The Christian family is under constant assault. Western hemisphere Christians have awakened to this reality in recent years as Western nations embrace everything from homosexual union as marriage, to legally forbidding parents from disciplining their own children, to restricted parental rights regarding health care. As serious as these issues remain, some of the deadliest enemies of the Christian family come from within rather than from without. Consider the following:

1. Luke-warmness— “I know your works,” said the Lord, “you are neither cold nor hot. Would that you were either cold or hot! So, because you are lukewarm, and neither hot nor cold, I will spit you out of my mouth” (Revelation 3:15-16). May our Christian homes never be accused of such a state. We dare not limp along. We will not rest with consistently attending church, children enrolled in the youth group, and volunteering on Sunday mornings. We desire a family centered upon Christ. We labor to see the Word of God dominate our home, shape our common living together, and inform our conversations. We seek to be a beacon of light in our neighborhood, an encouragement to our friends, and a faithfully serving family in the church. We will not rest on what our family has done, but will seek to live more and more in light of God’s grace and goodness.

2. Moralism—Morality matters to our family, but we treat moralism as an enemy. We are not laboring to simply do good, but to do good to the glory of God. As we live our lives, we seek to live in a manner that reflects the heart change we experienced in Christ. “Every healthy tree bears good fruit” (Matthew 7:17). Our fruit speaks of our root. As we parent, we are on-guard against raising mere moralists. We long to see fruit in keeping with true repentance and faith.

3. Legalism—Salvation is by grace alone (Ephesians 2) and we aim at a home filled with that grace. As we live life together, our family attempts to operate in grace. Grace established the banner of Christ’s rule over our home and continues to hang by that same grace. “Having begun by the Spirit,” we are not seeking to be “perfected by the flesh” (Galatians 3: 3). As a family, we seek the Lord in prayer and Bible reading. We call down His grace and influence and are quick to extend grace to one another. We are quick to forgive and grant forgiveness. When sin takes its toll, we respond with love and not guilt. Our children know discipline and rules are founded upon and exercised in parental love that will not disappear. They are reassured daily of that strong foundation.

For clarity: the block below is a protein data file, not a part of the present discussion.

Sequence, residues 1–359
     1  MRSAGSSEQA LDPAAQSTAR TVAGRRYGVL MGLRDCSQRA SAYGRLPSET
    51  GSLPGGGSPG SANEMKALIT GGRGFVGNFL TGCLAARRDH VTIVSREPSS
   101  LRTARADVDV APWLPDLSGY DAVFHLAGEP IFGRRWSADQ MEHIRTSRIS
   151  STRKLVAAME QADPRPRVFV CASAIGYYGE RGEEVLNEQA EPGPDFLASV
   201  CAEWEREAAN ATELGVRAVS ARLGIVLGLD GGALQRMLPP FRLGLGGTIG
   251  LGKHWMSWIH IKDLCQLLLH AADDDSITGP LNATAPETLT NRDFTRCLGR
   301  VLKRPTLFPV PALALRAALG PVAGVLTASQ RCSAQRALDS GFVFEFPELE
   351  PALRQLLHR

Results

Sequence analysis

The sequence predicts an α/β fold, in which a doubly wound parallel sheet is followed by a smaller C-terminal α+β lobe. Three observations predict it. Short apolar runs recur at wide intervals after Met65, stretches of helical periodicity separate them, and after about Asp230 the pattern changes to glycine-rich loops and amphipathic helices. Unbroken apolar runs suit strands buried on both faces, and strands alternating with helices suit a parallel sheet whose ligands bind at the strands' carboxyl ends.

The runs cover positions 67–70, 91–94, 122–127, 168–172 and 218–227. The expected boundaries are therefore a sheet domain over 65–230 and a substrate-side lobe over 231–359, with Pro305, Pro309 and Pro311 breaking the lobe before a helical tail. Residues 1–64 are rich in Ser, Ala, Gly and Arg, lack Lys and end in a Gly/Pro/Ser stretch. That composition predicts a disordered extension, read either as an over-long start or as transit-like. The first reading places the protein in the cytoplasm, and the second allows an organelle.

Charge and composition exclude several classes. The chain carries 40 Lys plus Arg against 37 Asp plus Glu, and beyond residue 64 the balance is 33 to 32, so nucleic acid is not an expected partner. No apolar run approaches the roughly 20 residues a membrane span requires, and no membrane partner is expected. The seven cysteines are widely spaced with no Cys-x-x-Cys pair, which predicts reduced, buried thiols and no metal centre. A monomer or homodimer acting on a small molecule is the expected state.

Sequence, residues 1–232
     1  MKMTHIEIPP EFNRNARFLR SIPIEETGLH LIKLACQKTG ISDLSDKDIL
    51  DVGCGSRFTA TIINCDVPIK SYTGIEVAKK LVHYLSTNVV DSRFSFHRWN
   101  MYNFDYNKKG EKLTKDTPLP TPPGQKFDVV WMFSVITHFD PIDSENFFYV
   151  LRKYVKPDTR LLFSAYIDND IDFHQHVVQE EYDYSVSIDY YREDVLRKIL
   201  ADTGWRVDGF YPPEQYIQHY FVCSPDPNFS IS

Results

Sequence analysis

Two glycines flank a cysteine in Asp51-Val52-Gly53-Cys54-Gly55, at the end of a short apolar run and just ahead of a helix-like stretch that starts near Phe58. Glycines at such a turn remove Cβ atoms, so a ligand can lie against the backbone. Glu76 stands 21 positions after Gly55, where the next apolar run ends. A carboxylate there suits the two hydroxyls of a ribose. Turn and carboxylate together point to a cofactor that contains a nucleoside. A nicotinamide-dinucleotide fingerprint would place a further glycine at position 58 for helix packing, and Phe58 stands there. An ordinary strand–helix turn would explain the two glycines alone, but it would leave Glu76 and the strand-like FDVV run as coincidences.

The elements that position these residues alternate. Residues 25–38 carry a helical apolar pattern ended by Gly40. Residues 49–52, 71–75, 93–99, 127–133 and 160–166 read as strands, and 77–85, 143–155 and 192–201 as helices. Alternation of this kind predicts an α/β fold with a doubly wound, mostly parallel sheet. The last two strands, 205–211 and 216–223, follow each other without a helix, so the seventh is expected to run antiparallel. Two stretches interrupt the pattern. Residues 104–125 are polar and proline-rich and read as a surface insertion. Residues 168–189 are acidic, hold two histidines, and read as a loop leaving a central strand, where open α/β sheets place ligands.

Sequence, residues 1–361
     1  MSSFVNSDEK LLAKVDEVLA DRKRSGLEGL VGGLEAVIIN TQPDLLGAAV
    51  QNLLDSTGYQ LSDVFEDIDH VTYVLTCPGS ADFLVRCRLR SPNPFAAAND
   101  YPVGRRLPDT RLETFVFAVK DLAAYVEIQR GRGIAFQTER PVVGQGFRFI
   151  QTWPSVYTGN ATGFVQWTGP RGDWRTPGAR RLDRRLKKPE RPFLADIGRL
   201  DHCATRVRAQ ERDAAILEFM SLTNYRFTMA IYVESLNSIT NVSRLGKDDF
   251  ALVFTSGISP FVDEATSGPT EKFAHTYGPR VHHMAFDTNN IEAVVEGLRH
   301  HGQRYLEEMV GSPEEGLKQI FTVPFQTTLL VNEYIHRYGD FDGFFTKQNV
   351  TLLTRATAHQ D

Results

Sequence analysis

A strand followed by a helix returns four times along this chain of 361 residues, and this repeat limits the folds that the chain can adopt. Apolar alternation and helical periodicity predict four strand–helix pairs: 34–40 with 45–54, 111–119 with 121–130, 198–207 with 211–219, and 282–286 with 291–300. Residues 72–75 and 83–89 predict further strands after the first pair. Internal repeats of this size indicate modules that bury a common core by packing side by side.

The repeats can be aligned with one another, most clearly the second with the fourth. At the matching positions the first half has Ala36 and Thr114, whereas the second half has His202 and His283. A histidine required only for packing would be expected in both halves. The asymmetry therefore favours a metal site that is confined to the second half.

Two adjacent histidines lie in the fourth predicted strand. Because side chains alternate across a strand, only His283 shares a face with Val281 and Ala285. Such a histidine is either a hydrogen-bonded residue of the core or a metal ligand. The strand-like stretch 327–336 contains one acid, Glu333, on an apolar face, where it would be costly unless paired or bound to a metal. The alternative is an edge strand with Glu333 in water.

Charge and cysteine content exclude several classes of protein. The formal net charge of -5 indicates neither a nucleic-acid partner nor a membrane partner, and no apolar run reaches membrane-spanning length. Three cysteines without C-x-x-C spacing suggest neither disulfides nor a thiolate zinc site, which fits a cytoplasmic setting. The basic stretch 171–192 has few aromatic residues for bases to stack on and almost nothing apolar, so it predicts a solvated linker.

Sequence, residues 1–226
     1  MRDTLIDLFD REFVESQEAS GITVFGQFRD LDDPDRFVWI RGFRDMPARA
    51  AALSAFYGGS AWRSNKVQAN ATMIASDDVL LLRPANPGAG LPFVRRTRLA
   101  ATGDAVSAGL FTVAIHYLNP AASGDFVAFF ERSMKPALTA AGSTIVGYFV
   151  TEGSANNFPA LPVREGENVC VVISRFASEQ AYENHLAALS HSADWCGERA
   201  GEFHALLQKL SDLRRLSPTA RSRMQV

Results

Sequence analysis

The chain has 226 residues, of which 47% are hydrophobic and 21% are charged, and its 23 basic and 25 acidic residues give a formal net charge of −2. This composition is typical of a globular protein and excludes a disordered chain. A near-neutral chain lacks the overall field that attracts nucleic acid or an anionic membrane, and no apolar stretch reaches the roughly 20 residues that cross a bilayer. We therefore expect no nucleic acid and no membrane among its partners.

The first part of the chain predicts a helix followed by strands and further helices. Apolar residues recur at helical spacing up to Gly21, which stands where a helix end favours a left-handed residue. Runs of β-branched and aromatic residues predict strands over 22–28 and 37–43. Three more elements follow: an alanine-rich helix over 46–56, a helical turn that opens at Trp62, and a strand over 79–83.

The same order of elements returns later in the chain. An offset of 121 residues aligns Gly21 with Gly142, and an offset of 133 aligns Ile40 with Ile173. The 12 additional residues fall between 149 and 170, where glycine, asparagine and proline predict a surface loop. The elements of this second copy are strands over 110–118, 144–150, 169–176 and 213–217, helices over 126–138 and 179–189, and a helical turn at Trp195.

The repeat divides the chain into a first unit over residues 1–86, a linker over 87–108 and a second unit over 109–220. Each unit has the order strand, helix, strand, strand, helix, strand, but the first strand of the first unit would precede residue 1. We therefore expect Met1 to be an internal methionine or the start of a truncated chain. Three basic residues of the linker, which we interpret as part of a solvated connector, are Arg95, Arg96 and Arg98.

4. Busyness—Our family-life is safeguarded. The trappings of this world possess little allure. The desire for more, success, and accomplishments does not drive our family. We choose our outside engagements carefully, so that we are not so busy that we miss the singular most important thing—pursuing Christ and serving His Church. The “rat race” of this world is not our race. We seek to “run with endurance the race that is set before us” (Hebrews 12:1).

5. Isolation—We live in community and our family does not define that community. The Lord sovereignly placed us in the Body. As members of the Body of Christ (Romans 12:5), we know we belong to others. Therefore, our family engages others in the church. We exercise hospitality, sacrificially love, and willingly allow others to minister to us. Furthermore, we recognize He placed us in our neighborhood, city, and county. Our neighbors are our neighbors. We live in a mission field which we dare not neglect.

6. Idolatry—Though we love our families, we seek not to love them inordinately. We endeavor to be worshipping families, not worshippers of our families. Therefore, though our family is precious to us, we sacrifice for the sake of others, Christ, and His Church. As we see all of life, so we see our family—it exists for Christ’s glory and purposes. This means we abandon some things our family would enjoy, desire, and pursue for the sake of serving Him. We give, because of all He gave for us.

The Christian family is a battleground. The attacks come from without and from within. May the Lord grant us grace as we seek to live as a family for His glory and our very good.

This post first appeared at ChristWard Collective and is posted here with permission of the author.

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